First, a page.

September 21, 2023Share
Of all the changes sweeping the industrial property sector, none have captured our imaginations like AI and its more familiar subset, Generative AI (hello, ChatGPT!).
But generative AI is just the tip of a technological tidal wave driving subtle, but significant, shifts across the industry. And while the unknowns around AI are endless, there are some certainties we can latch onto.
From fuelling growth in alternative property sectors to accelerating sustainability as a core business goal, we explore three ways AI is shaking up industrial.
1) The race for data centre space is on
Global demand for data centres is exploding thanks to our insatiable appetite for technology, including AI, in every facet of our lives.
In fact, in CBRE’s 2023 Investor Intentions Survey, data centres ranked as the second most popular alternative sector for investment among respondents. (Beaten only by healthcare-related properties.)
Data sovereignty laws are also fuelling the growth of emerging data centre markets. As national security concerns increase, governments are mandating in-country data storage to safeguard sensitive information. Case in point: the handling and storage of Australian health data, which is subject to stringent legislative requirements.
Data centres come in a range of sizes, but the number of new hyperscale facilities – which host larger, cloud-based businesses – is growing at an especially rapid rate. Globally, 314 hyperscale sites are in development. And according to WIN member organisation JLL, that number will exceed 1,000 by the end of 2024.
The US is leading the charge on hyperscale development. But facilities like Next DC’s M3 in Melbourne are becoming more common in Australia, driving extensive hyperscale growth here, too.
The key barrier to data centre growth in the Asia-Pacific? Supply chain delays causing a shortage of data centre components, and access to power and planning constraints resulting in inadequate supply to meet demand.
2) Agents and tenants are chasing AI-fuelled efficiencies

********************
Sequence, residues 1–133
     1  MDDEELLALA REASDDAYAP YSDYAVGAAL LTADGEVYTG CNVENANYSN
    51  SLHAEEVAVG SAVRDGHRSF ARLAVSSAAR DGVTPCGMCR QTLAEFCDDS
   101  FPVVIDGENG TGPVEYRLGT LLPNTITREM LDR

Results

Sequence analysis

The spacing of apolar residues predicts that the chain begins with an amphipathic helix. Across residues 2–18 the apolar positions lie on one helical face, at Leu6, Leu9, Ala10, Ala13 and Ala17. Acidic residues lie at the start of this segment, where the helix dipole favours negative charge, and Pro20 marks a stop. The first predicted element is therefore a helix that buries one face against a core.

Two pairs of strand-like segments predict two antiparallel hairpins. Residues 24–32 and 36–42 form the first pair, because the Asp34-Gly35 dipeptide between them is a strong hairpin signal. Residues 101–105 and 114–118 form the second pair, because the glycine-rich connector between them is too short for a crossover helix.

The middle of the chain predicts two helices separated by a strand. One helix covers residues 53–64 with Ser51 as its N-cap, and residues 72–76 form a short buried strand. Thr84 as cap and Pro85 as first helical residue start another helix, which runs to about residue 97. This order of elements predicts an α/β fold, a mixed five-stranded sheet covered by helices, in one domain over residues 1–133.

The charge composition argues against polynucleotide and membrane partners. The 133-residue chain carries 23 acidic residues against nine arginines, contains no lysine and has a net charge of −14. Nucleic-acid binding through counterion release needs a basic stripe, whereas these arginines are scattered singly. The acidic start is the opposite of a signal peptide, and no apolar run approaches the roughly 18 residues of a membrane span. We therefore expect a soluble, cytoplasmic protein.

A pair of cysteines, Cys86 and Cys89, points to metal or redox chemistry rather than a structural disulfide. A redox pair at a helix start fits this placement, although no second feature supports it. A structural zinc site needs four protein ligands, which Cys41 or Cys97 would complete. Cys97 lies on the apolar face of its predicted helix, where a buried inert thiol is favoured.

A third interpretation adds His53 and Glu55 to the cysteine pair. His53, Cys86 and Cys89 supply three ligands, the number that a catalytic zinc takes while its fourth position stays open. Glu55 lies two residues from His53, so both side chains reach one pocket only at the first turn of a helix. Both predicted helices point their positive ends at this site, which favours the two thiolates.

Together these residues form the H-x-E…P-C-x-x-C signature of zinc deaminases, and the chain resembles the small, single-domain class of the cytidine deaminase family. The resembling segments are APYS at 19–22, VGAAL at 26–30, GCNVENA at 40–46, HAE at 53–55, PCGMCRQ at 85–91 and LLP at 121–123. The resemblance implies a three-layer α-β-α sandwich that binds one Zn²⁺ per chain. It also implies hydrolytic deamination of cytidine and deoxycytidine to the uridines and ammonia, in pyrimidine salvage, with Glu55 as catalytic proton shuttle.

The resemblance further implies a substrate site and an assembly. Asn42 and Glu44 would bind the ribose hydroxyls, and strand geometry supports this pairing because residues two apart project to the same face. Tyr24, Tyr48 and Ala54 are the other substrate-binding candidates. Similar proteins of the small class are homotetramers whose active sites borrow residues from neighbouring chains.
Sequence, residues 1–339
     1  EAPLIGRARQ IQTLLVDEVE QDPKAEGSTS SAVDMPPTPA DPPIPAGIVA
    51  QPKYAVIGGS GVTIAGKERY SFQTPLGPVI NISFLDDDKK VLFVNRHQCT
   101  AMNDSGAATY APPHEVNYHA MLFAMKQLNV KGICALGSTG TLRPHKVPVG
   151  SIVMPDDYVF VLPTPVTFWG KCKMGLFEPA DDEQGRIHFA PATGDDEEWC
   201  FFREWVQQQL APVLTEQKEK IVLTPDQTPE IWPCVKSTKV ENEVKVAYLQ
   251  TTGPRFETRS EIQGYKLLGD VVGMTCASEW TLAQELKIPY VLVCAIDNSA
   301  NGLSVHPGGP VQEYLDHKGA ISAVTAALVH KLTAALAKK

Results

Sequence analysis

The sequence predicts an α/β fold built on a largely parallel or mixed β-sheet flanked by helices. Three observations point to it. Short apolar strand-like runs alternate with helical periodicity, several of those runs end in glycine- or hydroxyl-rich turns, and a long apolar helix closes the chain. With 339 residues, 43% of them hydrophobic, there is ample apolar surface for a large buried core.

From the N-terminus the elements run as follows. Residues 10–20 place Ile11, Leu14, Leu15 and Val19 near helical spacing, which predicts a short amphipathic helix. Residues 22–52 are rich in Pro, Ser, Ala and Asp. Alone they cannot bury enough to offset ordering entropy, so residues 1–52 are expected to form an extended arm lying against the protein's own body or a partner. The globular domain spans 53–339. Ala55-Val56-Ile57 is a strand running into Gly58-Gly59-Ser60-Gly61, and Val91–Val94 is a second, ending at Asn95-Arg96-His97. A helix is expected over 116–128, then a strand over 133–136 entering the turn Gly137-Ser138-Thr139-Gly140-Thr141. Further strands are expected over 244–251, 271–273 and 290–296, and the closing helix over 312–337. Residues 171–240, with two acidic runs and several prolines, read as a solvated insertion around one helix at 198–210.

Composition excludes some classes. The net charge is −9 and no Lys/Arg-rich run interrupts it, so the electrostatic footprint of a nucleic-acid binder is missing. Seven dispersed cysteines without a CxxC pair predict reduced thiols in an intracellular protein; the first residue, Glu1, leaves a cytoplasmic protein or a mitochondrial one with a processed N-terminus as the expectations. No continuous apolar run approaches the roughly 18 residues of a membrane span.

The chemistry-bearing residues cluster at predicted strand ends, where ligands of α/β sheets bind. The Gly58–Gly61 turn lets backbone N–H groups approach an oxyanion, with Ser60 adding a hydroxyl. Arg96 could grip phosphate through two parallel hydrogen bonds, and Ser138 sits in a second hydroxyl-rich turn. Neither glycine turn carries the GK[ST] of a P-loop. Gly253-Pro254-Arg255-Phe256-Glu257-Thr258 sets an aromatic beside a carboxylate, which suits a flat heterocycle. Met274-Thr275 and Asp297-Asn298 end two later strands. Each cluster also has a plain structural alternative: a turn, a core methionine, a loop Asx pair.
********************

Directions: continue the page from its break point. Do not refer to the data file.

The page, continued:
Across the industrial landscape, tenants are turning to AI for efficiencies across operations – whether that’s a reduction in warehouse labour or to find energy savings within facilities.
Similar trends are emerging in the industrial property industry itself.
Over 500 companies worldwide are providing AI-powered services to the real estate industry, fulfilling a variety of functions like:
But perhaps the most significant area AI will impact is data capture and analysis to improve leasing and investment transactions.
AI can analyse data quickly to identify patterns and provide tailored investment recommendations based on investor goals, risk tolerance and market conditions.
An example of the technology in action is JLL’s Capital Markets Quants. It combines AI and machine learning with on-the-ground, human expertise to identify market trends and opportunities. It then delivers tailored client strategies and guides business decisions for owners and investors.
Using AI in this way could significantly alter the daily work of portfolio or asset managers. With less time required to gather data, they are free to innovate in other areas.
3) Landlords and investors are keen on AI – but don’t know what to do next
In JLL’s 2023 Global Real Estate Technology Survey, investors, developers and corporate occupiers ranked AI as a top-three tech expected to have the most impact on real estate in the next three years.
But the same survey uncovered something else: this cohort’s knowledge about AI and machine learning is low compared to other disruptors like blockchain, robotics and virtual reality.
Matthew Lee, National Director and Head of Industrial Occupier Services at JLL, explains:
‘My team regularly fields requests from developers for information about AI. They want to know what inclusions they should design into their facilities so that they’re ready to support tenants using new AI technologies.’
Although no clear guidelines are in place, investors and developers can do one thing to prepare facilities for AI: they can prioritise initiatives that increase asset sustainability – especially energy and water use.
This recommendation is based on JLL’s 2023 Global Data Centre Outlook, which highlights sustainability and energy efficiency as top priorities for users, operators and investors.
Want to keep up to date with trends in the industrial and logistics sectors? Connect with Women in Industrial on LinkedIn.